In any event, the District argued that the Union failed to meet its burden of proof to show the existence of all of the necessary elements of a true practice. Specifically, the District noted, the Union did not submit sufficient evidence to prove the elements of mutuality, clarity and consistent application of the "practice" over time. Indeed, the District observed, it had changed the five personal miles rule to a twenty personal miles rule, in its discretion, and used bus location as a disciplinary tool at times, without objection from the Union. The District also observed that its 1986 and 1993 written policies demonstrated that the District's clear intention was to break with the "practice" as it may have existed before 1986, and place the subject of bus storage back within its sole discretion.

The District argued that the Union failed to present any evidence of a District "bad faith" conspiracy regarding bus storage. In contrast, the District asserted that it was the Union's duty to seek bargaining after the District issued and withdrew its July, 1993 three personal miles rule. A prohibited practice, not a grievance should have been filed, in the District's view, to address the claimed "bad faith" allegations of the Union.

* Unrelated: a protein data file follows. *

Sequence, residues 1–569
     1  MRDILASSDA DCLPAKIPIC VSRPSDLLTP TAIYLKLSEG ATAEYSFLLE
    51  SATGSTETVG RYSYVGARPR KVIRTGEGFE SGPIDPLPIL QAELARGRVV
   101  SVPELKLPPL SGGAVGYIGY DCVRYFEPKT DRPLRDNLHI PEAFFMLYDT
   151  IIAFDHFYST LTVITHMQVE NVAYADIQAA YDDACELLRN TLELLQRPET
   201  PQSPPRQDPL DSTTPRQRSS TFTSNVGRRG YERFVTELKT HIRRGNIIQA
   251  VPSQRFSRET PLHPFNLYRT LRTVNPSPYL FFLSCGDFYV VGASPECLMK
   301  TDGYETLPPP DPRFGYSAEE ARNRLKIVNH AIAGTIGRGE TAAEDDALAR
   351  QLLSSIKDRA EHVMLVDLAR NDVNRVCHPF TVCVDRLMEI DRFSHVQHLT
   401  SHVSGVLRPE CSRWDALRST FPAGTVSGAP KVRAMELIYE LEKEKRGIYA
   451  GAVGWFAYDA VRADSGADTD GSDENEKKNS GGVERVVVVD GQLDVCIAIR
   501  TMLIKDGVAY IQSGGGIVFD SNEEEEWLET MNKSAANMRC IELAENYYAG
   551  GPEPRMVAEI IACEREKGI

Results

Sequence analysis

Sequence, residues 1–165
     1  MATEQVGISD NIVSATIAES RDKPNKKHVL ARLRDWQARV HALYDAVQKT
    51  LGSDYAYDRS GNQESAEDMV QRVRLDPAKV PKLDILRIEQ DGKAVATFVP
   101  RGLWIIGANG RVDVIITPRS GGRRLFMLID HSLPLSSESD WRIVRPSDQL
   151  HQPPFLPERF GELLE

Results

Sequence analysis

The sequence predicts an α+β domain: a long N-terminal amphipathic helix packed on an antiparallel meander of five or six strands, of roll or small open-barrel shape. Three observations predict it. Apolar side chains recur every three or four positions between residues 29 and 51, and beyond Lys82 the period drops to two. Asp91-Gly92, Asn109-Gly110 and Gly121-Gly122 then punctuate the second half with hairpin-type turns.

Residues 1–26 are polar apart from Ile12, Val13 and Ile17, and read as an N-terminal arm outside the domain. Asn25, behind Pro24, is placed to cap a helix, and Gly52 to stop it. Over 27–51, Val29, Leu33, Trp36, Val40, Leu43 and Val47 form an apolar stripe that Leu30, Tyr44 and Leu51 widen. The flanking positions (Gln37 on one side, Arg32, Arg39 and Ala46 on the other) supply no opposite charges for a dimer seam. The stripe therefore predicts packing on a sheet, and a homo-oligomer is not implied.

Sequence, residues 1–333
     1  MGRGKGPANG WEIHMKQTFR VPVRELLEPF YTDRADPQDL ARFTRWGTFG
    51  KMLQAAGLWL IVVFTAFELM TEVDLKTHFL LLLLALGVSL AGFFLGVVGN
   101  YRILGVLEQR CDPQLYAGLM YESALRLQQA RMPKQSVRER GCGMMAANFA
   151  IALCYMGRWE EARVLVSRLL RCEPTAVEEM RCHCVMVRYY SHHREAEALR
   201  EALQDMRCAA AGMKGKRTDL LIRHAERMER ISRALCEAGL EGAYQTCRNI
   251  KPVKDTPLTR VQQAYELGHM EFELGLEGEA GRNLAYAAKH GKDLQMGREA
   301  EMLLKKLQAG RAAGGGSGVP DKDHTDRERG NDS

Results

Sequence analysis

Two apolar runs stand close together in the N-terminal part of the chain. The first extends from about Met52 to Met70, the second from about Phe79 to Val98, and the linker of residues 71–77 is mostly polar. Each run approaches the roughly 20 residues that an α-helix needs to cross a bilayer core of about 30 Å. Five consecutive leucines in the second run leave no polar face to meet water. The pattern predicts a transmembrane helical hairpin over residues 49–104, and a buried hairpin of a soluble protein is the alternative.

The District asserted that it proved substantial, undisputed business reasons for eliminating home bus storage. Based upon all of its arguments and the record herein, the District sought denial and dismissal of the grievance in its entirety.

Discussion:

The initial issue that must be determined in this case is whether the grievance is the type of dispute which is "covered by" the effective labor agreement between the parties "involving the meaning, interpretation or application of the provisions" of the agreement. I believe that this is such a dispute. Although the District is correct that the contract does not contain a specific provision relating to bus storage, it also does not contain a "zipper" clause which might effectively bar a case such as this one. In addition, the contract does contain a management rights clause (Article 17) and a provision relating to District "Rules and Regulations" (Article 2). This case clearly concerns the proper meaning, interpretation and application of Articles 2 and 17, where as here, the District has changed its bus storage rules/policies mid-term of the 1993-95 labor agreement. Thus, I find the dispute to be substantively arbitrable and not otherwise barred from arbitration by the specific terms of the agreement.